Guwahati, Wednesday, November 2, 2016
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Call for Centre’s clear-cut stand
AJIT PATOWARY
 GUWAHATI, Nov 1 - The Central government should come up with a clear-cut statement that it is not intending to settle in Assam the fresh migrants from Bangladesh, Afghanistan and Pakistan who are fleeing these countries in the face of religious persecution. It is not clear as to why the Centre is totally mum on the issue when a charged situation is being witnessed in Assam on the issue, said ex-MLA Ajay Dutta.

Dutta, an inheritor of an old Bengali settler family of Assam and a respectable leader of the Bengali-speaking people of the State, was talking to this newspaper on the issue of the Citizenship (Amendment) Bill, 2016, which has raised many questions in the State on the intention of the BJP-led government at the Centre. It is alleged by several quarters that this Bill, if enacted, would reduce the indigenous peoples of the State into minorities, as it would legalise settlement of the post-1971 migrants from Bangladesh going against provisions of the Assam Accord.

On the other hand, a State Minister is strongly advocating that settlement of the Hindu Bangla migrants is a must for the Assamese society to keep its dominant status in Assam intact. This has intensified the doubts of the indigenous peoples of the State about the real intention of the Centre.

Under such a situation, the comment made by Dutta assumes significance.

Dutta also urged the civil society organisations of the State, irrespective of their linguistic and religious allegiance, to sit together and speak in unison that no step which harms the interest of the State would be accepted by the State’s people.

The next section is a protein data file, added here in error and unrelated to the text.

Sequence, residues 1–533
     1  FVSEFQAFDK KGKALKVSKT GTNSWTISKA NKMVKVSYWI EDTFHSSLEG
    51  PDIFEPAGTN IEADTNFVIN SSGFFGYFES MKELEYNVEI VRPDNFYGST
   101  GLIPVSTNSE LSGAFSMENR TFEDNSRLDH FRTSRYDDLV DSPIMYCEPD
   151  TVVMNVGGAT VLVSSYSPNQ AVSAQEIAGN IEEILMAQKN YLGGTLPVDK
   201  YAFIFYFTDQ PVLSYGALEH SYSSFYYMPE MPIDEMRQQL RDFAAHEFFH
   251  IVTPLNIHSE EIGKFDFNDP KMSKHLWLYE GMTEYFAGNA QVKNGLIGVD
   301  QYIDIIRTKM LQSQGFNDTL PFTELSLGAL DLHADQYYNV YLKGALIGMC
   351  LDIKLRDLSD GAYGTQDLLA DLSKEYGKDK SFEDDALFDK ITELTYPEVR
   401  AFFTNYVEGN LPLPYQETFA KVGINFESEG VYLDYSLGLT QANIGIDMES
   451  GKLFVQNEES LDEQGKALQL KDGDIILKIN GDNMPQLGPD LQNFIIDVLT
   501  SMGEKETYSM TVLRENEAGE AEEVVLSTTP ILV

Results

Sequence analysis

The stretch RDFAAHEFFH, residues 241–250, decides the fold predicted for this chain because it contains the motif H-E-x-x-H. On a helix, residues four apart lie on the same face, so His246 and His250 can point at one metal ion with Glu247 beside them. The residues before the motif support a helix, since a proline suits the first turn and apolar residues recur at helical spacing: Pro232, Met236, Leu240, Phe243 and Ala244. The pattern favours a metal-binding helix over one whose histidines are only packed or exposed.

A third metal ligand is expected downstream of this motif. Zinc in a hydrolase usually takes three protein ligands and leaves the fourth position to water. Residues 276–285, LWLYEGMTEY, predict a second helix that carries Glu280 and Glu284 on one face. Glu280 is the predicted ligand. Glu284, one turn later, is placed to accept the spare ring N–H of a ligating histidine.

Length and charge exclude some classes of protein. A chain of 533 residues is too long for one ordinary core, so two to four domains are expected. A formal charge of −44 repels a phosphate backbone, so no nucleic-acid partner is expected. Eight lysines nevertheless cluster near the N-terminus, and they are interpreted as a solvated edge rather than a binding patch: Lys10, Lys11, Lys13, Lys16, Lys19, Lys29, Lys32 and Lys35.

“We should not allow ourselves to be swayed by the tricks of the vested interest circles and the unity of the people of Assam should be protected at any cost,” he said.

However, he maintained that a major chunk of the non-Muslim population in Bangladesh in its northern part, that is – Rangpur, Rajshahi, Dinajpur etc., places are Rajbongshis. They constitute about 90 per cent of the non-Muslim population there. They are followed by the Rabhas and the Namasudras in matters of numerical strength.

Similarly, Hajongs and Garos constitute a big chunk of the non-Muslims in Mymensingh district and in Sylhet district, Bishnupriya and Meiteis, apart from the Bengali Hindus, constitute a big chunk of the non-Muslims. In Chittagong and Chittagong Hill Tract, Chakmas, Buddhist Baruahs and Riyangs are the majority among the non-Muslims, said Dutta.

Dr Ardhendu Dey, another widely respected leader of the Bengali speaking people of the State, alleged that some politically motivated, ambitious people have spread a schism among the Assamese and Bengali-speaking people of the State on the issue of the Citizenship (Amendment) Bill.

It is high time to discard the old banal ideas, which are not congenial for peaceful co-existent of the various groups of people of the State, he said and appealed to all sections of the State’s people to tread cautiously at this hour when mutual mistrust is sought to be spread by some quarters for their narrow personal gains.

At the same time, he also appealed to all those concerned to ponder over the issue of those post-1971 migrant Bengali Hindu families who have been staying here for the past several decades and have accepted Assamese language and culture as their own. “We must ensure their assimilation with the indigenous Assamese society permanently. The process of their assimilation with the indigenous society should not be disturbed for the greater interest of the Assamese society,” he said.

However, he described the present move of the BHP-led Central government to amend the Citizenship Act as a politically motivated one and maintained that there should not be any fresh influx from any country to Assam.

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